Man Pretends To Be Hank Paulson To Make Fake $353,000 Mortgage Payment To Citi, Succeeds

Tyler Durden's picture

Perhaps the most surreal fact about the case of 35 year old Bryan Gardner who back in 2009 sent CitiMortgage a $353,000 money order "drawn on the account of the 'Secretary of the Treasury Hank M. Paulson, Jr." in order to satisfy the final payment for a property in Bowie, Md, is that.... he succeeded. Fox Biz has more: "CitiMortgage erroneously accepted the document and credited Gardner's mortgage account in full," according to a Secret Service affidavit. Within months, Gardner sold the property for $254,900 and then "distributed the proceeds to others," according to public records and the Secret Service affidavit. Investigators believe Gardner may have initially secured the mortgage under false pretenses. Through a spokesman, an FBI agent who investigates mortgage fraud said he was surprised the scheme succeeded, and a former Justice Department official who helped lead fraud enforcement efforts in the wake of the financial meltdown agreed, calling the approval of the money order "bizarre." Perhaps what is more bizarre is just how a plan like this, which a 3 year old could concoct, but not even a 3 year old would be dumb enough to believe it would fly, actually succeeded. Just how big is the pool of "unclaimed" cash on deposit at CitiMortgage is there was i) no actual account was debited for the full amount and ii) nobody noticed that the Treasury department was paying off a private mortgage.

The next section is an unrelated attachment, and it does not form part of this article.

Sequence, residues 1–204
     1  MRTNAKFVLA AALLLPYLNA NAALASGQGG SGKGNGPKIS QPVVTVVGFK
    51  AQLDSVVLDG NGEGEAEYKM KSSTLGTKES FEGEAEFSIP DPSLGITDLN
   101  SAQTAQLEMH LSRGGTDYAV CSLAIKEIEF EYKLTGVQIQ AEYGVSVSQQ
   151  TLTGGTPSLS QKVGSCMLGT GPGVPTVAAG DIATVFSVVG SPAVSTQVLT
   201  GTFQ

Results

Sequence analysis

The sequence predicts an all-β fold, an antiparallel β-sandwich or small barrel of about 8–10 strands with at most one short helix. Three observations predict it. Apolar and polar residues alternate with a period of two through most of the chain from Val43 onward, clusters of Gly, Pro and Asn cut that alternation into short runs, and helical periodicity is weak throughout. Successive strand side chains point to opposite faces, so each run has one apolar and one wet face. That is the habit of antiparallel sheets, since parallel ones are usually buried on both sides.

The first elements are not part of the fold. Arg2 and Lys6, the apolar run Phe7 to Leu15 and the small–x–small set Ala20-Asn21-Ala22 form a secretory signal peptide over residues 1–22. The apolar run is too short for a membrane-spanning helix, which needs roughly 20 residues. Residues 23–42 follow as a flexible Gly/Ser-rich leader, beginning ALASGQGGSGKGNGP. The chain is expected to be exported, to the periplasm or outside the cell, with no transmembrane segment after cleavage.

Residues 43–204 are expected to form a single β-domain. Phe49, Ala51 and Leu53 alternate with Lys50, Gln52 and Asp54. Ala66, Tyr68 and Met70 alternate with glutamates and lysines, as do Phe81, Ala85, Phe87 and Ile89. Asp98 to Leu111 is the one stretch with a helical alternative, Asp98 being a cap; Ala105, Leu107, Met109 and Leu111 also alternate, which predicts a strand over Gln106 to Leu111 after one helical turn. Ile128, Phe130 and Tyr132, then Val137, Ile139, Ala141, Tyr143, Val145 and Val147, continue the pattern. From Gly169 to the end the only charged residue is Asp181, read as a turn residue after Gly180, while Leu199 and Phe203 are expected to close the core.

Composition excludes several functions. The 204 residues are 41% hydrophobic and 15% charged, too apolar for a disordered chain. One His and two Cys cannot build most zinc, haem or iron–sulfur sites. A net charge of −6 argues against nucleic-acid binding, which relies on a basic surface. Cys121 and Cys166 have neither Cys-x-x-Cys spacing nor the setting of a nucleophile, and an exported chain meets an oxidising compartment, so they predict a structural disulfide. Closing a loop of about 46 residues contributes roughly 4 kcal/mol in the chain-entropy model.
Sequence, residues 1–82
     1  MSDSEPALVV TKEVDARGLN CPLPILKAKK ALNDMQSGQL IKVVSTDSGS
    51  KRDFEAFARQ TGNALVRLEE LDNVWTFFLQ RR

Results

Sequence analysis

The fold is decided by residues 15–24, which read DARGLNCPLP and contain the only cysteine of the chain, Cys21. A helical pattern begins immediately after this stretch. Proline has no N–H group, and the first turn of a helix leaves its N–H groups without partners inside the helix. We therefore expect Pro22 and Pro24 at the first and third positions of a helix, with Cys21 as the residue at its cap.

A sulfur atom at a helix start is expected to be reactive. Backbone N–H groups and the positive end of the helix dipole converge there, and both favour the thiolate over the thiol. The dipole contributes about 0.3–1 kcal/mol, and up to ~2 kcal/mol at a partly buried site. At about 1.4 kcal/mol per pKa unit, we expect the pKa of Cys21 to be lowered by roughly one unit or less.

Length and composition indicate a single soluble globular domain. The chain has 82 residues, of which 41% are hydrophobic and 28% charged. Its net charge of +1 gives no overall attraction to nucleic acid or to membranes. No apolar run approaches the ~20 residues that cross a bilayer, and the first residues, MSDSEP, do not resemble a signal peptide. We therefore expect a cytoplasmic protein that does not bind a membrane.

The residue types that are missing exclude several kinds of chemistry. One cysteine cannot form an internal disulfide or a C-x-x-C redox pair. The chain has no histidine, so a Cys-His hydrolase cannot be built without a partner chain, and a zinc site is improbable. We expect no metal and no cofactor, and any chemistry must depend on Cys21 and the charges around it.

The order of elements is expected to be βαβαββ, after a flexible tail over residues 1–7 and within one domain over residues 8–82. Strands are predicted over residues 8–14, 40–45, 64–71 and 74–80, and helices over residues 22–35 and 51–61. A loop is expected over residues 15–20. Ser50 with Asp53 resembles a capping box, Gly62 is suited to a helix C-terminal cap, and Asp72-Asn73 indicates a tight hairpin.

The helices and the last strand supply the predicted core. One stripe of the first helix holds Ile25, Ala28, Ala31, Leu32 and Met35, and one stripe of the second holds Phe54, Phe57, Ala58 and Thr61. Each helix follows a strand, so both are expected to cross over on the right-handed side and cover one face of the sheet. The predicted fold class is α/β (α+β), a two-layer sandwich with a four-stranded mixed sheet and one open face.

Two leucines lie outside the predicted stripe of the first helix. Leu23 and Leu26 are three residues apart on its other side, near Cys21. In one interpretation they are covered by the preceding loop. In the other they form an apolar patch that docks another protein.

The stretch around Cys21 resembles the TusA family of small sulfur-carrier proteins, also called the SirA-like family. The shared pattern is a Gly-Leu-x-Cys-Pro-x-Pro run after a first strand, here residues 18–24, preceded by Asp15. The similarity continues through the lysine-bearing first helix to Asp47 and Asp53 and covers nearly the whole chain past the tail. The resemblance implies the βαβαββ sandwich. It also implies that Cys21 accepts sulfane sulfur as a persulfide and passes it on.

Unfortunately, we are confident that by the time the entire mortgage fraud house of cards is unwound, we will learn of cases in which President Lincoln personally prepaid mortgages closing in 2010. But have no fear: this is only money that will be funded out of the general Treasury ledger, and which you, dear taxpayer, will foot the bill for. Nobody else.

It gets even funnier as our law enforcers realize that merely the tip of the iceberg in mortgage fraud land is beyond ridiculous:

"I've never heard of a case where a mortgage for such a large amount was satisfied with a fraudulent instrument -- an instrument that's so on-its-face fraudulent," said Paul Pelletier, who until a few months ago was a top-ranking official in the Justice Department's Fraud Section. "You'd be amazed at how many people try and pass off (fraudulent) stuff. But does it ever work? No, it rarely works."